29 December 2008
Wet market is my favorite destination whenever I am in this part of the world. It reveals to me the secret of local cuisine (on a trip to a local wet market in Manado I figured out the nine herbs that make the base of North Sulawesi dishes) and tells me the important ingredients for everyday livelihood of the locals (apparently, small dried shrimps are essential for dishes in Singapore. I wonder what they are for. Laksa??).
But most of all, the promise of local fare after a visual feast is the biggest incentive of long walks in these wet markets.
To me, wet markets evoke fond memories of similar trips with my mother in my younger years. Where we lived, the ubiquity of "kangkung" signaled how it was an important vegetable for the population (the dish is known as "Pelecing Kangkung"). My patience in accompanying my mother doing her weekly chore was always rewarded with snacks or "kuih-muih" (see picture above as examples of the kind of "kuih-muih" I would get) and yellow rice with its accompaniments (deer sweetmeat, boiled egg and pieces of chicken in chili sauce known as "Pelecing Ayam"), folded in banana leaves. But perhaps for a Singaporean youngster, they'll get biryani rice such as the following picture.
What strikes me about Singapore's wet markets is the freshness and diversity of vegetables, seafood and poultry on offer. I wish we had similar fresh seafood here where I live....
* in this trip, I visited Westcoast Rd wet market (nearby Lin's apartment), Victoria whole sale market (next to Bugis Junction MRT stop), Little India, and Geylang Serai wet market (next to Paya Lebar MRT stop). My favorite spot is the Geylang Serai, mostly because all the food in the foodcourt is halal.
28 December 2008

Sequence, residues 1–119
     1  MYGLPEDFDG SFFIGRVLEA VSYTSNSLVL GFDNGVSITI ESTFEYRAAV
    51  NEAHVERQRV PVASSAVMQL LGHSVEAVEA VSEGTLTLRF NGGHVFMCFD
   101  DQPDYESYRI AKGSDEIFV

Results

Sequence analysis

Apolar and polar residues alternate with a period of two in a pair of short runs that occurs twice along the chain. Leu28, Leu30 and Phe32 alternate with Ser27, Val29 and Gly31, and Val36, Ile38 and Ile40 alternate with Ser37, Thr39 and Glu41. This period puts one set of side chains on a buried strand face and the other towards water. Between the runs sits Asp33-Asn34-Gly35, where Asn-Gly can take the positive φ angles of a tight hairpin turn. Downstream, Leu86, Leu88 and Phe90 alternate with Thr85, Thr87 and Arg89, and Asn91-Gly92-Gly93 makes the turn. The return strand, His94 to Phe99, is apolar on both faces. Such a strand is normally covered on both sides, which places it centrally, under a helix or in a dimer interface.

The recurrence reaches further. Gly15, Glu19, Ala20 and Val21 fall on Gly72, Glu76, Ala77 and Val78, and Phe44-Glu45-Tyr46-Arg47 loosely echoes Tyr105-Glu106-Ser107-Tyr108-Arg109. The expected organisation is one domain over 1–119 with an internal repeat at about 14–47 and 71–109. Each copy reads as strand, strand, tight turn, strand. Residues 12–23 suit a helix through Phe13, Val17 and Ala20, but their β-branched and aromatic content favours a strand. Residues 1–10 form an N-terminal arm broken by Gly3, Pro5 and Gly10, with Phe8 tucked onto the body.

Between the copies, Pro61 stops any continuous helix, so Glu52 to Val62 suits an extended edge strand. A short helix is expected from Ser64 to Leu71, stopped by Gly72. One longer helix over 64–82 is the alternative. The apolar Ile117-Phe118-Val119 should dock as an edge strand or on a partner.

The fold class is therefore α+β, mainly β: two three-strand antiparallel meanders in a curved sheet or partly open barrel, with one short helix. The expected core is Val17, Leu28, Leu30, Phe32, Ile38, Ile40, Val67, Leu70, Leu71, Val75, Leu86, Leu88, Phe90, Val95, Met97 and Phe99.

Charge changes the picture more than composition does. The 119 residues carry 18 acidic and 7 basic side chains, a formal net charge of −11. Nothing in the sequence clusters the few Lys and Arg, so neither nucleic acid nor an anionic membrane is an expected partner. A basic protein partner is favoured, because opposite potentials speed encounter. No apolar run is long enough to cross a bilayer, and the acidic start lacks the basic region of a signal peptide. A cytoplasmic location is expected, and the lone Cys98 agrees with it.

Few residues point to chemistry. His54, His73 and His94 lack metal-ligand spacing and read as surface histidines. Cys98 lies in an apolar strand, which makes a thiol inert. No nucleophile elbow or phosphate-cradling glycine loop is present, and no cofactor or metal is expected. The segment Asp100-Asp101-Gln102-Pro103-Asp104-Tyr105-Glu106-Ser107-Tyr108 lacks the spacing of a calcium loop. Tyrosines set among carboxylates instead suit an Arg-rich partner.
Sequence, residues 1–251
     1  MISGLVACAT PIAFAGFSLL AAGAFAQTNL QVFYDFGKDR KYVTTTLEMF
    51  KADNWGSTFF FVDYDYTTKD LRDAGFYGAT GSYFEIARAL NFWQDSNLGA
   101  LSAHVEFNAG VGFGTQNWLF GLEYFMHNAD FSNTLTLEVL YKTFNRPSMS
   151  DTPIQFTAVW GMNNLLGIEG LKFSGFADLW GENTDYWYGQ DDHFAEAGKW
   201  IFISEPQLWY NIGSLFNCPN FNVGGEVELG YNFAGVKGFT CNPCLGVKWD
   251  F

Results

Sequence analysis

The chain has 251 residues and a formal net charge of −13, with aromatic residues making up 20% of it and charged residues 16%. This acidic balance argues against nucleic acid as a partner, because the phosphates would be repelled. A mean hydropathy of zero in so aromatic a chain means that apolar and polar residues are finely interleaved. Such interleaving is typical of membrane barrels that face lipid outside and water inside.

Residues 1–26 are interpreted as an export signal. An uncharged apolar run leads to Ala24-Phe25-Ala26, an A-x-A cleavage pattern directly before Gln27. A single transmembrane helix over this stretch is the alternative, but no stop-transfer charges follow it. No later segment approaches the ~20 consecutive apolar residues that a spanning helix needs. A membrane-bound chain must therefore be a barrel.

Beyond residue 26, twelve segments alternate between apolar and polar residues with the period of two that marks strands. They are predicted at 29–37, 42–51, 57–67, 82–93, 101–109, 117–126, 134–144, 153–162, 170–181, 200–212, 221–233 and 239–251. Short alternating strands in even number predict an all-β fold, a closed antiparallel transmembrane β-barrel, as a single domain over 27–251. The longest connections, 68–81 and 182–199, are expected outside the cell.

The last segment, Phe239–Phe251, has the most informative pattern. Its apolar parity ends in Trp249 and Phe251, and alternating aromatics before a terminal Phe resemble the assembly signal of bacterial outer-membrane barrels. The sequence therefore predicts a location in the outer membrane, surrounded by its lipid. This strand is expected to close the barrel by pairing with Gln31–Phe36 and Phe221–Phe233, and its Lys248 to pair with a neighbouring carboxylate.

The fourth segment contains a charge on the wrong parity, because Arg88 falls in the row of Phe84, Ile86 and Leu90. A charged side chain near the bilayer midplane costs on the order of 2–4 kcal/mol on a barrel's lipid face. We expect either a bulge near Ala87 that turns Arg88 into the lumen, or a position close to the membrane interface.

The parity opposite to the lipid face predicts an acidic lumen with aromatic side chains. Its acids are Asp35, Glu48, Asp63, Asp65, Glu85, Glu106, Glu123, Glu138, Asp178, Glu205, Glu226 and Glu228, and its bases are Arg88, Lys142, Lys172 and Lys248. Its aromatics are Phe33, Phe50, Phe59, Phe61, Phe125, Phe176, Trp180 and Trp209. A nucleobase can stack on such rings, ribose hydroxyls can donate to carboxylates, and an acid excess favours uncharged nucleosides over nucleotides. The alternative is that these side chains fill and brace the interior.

I made this for Eid last October. It is from Nigella Lawson’s The Domestic Goddess. For Nutella fans I would highly recommend giving this recipe a try. A whole jar of nutella went into this! Lovely! Here is a link to the recipe: http://www.nigella.com/recipe/recipe_detail.aspx?rid=239
25 December 2008
In an effort to keep cool this summer and to eat proportionally, I prepared no-bake desserts in ramekins. One such recipe is the Strawberry Cream Pie which originally appeared in Domino's Magazine. I made the recipe for two.
2 lbs. fresh strawberries (about 4 pints), tops removed, plus 4 strawberries, reserved
1 ¼ cups whole milk
¾ cup sugar
5 tbsp. cornstarch
3 tbsp. freshly squeezed lemon juice (from 1 lemon)
2 ½ cups graham-cracker crumbs
10 tbsp. unsalted butter, melted
1 cup heavy cream
1 tbsp. confectioners' sugar
Place 2 pounds strawberries in a blender and blend on high until pureed, about 10 seconds (do in two batches if necessary). Combine milk, sugar and cornstarch in a heavy-bottomed saucepan, and whisk until dissolved. Add the strawberry puree and lemon juice. Cook on high heat, whisking frequently, until the mixture is thick and bubbling (about 7 minutes); remove from heat. Place graham-cracker crumbs in a 10" x 1 ½"-deep pie plate, drizzle with melted butter and mix until all the crumbs are moistened. With the back of a spoon, press evenly into the bottom and sides of the pie plate to form a crust. Pour strawberry filling into crust and let cool completely (about 30 minutes). Cover and refrigerate overnight. Just before serving, place heavy cream in a mixing bowl and, with an electric mixer, blend on high until stiff peaks form. Add confectioners' sugar and blend another 10 seconds. Using a spatula, spread the whipped cream over the filling. Slice reserved strawberries, add to top and serve. Serves 6 to 8.
This recipe is adapted from the King Arthur’s cookbook. I was house-sitting at Julie’s in New Haven and came upon this recipe. I often made scones at home in
I think the thing about scones is that like
So here it is, my debut recipe on this blog, an old favorite, the Sour Cream Scones. I dedicate this to my lovely ladies (Jo, Shim and Upik) whom I have enjoyed many a tea-time with. Here's to many more!
Recipe: Sour Cream Scones
1.5 cups all-purpose flour
2 tsp baking powder
½ tsp baking soda
½ tsp salt
¼ cups sugar
1 cup sour cream
* I totally borrowed this cheesy title from an article I saw online.